Genre: Young Adult, Science-Fiction, Fantasy, Abilities
Published by WWS Publishing
A girl with a past she tries to forget, and a future she can’t even imagine.
Leonie Woodville wants to live an unremarkable life. She wants routine, she wants repetition, she wants predictability. So when she explodes in a blaze of light one morning on the way to her college, it’s enough to put a real crimp in her day.
And things only get weirder…
Leonie learns from her father that she is last of the Pulsar, a phenomenally powerful member of a magical species called the Chosen. It will be her sole duty to protect the Imperium, a governing hierarchy, from all enemies, and to exceed the reputation of the Pulsar before her. So – no pressure there, then.
Leonie is swept away from her rigorous normality and taken to a world of magic. There, she is forced into a ceremony to join her soul to a guardian, Korren, who is both incredibly handsome and intensely troubled, a relationship for which ‘it’s complicated’ just really doesn’t cut it.
But Leonie is soon to learn that this ancient world is no paradise. With violent dissidents intent to overthrow the Imperium, and dark entities with their own agenda, she and Korren find themselves caught in a war where they will have to overcome their differences if they are to survive.
Dare to dream. Dare to hope. Dare to be a legend.
Book One in The Chosen Saga.
| Before I even begin this review, let it be known that I’m rating this book on what was presented and not for the potential it had.
Leonie Woodville is a 17-year-old college student who had a rather reclusive life with her father, she is deemed anti-social from the start and as such is awkward as well as abrasive. Unbeknownst to her she is a CHOSEN, an individual with abilities of the elements. Except she’s special she is the last PULSAR – a fire elemental. While Leonie didn’t have a fantastic upbringing or an ideal life – as a rather horrible incident occurs – she is a rather unlikable character from the get go. Snappy, abrasive, overly snarky and fairly mean. We’re not meant to forget that she is anti-social, however when KORREN comes onto the seen it seems that isn’t so…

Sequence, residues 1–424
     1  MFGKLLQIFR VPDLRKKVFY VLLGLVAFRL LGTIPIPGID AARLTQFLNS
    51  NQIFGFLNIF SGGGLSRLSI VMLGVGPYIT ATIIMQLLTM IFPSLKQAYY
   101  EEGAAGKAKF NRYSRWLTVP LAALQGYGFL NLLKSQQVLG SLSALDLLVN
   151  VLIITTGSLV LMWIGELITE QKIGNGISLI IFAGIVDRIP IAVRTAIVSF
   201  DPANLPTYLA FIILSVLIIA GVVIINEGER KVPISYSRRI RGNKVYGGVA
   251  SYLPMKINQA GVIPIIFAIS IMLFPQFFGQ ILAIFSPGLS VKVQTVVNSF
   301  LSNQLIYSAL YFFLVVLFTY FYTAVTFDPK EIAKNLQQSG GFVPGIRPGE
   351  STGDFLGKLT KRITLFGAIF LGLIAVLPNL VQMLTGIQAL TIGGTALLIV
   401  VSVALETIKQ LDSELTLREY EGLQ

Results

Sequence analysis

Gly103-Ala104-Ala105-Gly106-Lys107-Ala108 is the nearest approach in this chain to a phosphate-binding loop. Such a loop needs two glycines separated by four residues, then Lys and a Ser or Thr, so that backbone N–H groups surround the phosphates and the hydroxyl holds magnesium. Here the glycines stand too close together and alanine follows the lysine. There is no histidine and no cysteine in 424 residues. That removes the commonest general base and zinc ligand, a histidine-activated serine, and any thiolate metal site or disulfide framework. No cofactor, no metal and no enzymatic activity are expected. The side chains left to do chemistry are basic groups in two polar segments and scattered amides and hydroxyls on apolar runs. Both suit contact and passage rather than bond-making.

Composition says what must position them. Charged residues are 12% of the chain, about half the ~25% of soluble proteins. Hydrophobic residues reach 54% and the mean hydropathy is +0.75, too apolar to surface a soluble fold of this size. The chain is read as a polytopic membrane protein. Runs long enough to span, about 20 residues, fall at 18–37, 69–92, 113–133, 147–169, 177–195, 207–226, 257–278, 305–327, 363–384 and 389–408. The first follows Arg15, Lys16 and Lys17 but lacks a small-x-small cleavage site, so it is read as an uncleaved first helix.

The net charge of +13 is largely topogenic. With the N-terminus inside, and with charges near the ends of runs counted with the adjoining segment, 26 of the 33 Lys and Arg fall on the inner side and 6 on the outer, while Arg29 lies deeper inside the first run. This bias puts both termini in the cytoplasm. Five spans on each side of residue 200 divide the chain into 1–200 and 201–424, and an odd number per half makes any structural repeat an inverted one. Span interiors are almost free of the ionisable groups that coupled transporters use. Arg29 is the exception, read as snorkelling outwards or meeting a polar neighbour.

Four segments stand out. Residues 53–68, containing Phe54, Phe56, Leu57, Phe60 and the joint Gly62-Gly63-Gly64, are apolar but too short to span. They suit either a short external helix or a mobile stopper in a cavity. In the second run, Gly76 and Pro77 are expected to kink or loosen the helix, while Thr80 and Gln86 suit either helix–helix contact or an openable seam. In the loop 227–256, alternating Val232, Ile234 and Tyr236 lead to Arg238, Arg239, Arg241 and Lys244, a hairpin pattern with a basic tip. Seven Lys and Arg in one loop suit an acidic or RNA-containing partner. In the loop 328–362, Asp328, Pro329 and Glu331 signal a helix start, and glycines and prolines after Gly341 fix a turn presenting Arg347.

Korren is an immortal being, a Kytaen which is essentially a creature that is able to take on a humanoid form, they are the protectors of their chosen or what is known as their Keeper to them. Korren has witnessed a lot in his years and has waited 200 years to be uncaged. He is angsty, bitter and distrustful of everyone for just reason. He’s a brooding sort who glares from across the way and doesn’t seem likable either, but when you compare him to Leonie he’s a ray of sunshine.
As far as the plot goes, it’s fairly interesting. The last Pulsar is brought back to her “home” and is revered, but her return brings a fair amount of trouble as well, as rebels congregate and plot to take her down or rather unleash her and use her for their own devices. Meanwhile, Korren, Leonie’s protector finds himself battling with whether or not he wants to protect her – he really is just looking out for himself. Sounds great, right? Well, it had oodles of potential, but the writing quality just wasn’t there. A lot of the times it read like an angsty teen girls diary.
I almost DNF @ 30%, but I held out because there were times it seemed promising. However, there were then moments that read like this.
There are pages where this is all that it consists of. A lot of dialogue that is short, or it will go to the next extreme and be overly informative. There has to be a balance and because of this, the reader doesn’t get to witness a lot of what actually happens in the world the author is trying to create.
What I would ask Simlett is, “What do you want us to feel and what would you like us to walk away with after reading?” because after reading this I’m no wiser than what I was when I began reading, I’m definitely frustrated because I felt like it was just drawn out for the second book – yes it does make you want to read it, if you can look past the imperfections and the room for improvement.
So, while I give this book a 1, it had a grand amount of potential and I see that. I see that in the writer, too.